So what did they find?

Red and blue states vary so much in their economic trajectories that they may as well be two distinct countries within the United States.

First, blue states have enjoyed higher economic growth rates on average than red states since the Great Recession. Since the mid-2000s, the business cycle of blue states has increasingly diverged from that of their red counterparts.

The average disparity in GDP growth between red states and blue states has hovered around 3.5% since the recession ended. For comparison, a previous study of 20 developed nations found an average GDP convergence among them of only 1.75%.

Differences in GDP growth also lead to differences in household income and household consumption — i.e., in living standards. Luckily, there are several transfer mechanisms that mitigate these gaps in GDP growth so that consumption shortfalls in red states amount to only about one-fifth of the growth deficits.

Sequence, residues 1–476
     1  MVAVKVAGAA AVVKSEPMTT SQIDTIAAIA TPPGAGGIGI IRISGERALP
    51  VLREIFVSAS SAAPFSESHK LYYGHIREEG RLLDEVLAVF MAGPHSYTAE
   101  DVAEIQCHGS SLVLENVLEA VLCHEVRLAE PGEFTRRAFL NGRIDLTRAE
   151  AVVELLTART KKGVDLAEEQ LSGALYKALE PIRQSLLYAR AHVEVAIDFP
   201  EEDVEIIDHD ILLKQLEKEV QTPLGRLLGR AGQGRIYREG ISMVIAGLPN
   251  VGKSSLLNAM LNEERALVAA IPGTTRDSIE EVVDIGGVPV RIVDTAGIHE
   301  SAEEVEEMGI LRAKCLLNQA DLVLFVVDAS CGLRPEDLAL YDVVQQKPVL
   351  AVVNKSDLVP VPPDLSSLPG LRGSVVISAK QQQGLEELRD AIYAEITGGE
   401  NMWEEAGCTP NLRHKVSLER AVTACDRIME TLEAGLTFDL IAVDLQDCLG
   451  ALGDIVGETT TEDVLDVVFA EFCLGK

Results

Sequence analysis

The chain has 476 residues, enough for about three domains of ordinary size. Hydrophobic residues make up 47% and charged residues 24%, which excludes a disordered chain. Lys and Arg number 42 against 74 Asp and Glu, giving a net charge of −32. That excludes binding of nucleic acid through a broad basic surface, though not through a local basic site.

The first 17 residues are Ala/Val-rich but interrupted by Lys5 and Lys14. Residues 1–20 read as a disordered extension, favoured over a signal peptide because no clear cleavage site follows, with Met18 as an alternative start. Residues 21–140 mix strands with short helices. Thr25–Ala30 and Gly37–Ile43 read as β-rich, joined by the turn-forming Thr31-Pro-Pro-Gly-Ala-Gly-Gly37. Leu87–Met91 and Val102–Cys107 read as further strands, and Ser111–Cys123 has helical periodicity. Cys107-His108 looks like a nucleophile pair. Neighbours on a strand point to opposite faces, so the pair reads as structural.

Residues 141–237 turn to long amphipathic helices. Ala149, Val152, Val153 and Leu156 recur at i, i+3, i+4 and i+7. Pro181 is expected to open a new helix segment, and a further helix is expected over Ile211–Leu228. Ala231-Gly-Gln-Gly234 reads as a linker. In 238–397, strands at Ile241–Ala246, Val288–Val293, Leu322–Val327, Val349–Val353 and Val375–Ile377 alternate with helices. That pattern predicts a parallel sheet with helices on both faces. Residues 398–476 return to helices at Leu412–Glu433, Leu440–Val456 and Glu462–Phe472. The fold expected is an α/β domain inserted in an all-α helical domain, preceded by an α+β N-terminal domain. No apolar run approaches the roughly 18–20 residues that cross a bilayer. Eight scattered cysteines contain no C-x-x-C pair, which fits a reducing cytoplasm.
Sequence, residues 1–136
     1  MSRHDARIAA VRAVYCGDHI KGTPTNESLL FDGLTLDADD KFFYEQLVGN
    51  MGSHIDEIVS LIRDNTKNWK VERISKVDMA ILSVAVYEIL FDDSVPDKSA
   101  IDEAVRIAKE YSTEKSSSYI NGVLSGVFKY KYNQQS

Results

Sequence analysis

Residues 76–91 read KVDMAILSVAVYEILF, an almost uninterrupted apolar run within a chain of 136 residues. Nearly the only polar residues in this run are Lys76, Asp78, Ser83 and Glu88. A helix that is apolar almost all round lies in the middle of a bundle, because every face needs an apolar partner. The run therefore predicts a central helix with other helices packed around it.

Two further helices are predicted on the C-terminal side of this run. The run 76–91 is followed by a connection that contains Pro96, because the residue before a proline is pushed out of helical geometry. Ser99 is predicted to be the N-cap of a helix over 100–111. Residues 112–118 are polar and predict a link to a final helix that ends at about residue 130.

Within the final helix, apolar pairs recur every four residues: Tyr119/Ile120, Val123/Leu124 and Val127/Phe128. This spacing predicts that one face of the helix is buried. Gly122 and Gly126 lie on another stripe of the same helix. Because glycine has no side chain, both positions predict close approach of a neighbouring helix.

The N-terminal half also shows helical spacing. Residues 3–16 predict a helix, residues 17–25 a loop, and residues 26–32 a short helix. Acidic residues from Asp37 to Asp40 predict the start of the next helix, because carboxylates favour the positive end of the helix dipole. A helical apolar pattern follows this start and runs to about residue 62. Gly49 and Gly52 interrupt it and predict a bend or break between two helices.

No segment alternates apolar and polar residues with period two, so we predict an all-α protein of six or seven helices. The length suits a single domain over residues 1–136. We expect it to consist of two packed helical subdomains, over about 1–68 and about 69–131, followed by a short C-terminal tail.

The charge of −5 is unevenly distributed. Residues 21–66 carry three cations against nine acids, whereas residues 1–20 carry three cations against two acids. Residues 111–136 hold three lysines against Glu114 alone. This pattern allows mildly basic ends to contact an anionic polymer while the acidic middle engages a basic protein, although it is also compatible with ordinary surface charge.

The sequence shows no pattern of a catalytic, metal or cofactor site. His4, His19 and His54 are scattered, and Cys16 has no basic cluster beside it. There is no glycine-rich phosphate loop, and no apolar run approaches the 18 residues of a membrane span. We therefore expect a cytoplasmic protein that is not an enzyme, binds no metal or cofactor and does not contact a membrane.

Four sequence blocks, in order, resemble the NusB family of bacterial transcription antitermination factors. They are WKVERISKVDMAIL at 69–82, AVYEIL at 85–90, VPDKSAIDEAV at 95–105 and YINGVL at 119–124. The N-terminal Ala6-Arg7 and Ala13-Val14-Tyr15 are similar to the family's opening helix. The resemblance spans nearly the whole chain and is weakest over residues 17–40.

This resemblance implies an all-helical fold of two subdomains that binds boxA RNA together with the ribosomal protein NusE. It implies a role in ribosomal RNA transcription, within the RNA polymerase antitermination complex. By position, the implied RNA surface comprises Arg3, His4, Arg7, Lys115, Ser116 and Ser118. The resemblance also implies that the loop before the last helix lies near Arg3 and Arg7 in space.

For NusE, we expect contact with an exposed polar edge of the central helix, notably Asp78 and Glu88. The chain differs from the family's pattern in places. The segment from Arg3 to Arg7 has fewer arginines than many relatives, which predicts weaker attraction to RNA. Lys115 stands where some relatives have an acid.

But Parsley and Popper found that red states and blue states smooth these consumption variations in very different ways.

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Capital markets are the great leveler.

Capital markets are the most important tool to mitigate consumption gaps from one year to the next and from one state to another. Capital markets ease about 43% of idiosyncratic state risks. In a sense, capital markets render an important service often overlooked in the public debate: They reduce income inequality among the states.

But once capital markets are accounted for, further crucial differences emerge. The second most critical tool to smooth consumption in red states is fiscal transfers. Blue states, on the whole, contribute more tax revenue to federal coffers than they receive in return. So in aggregate, the federal government transfers wealth from the blue states to the red states.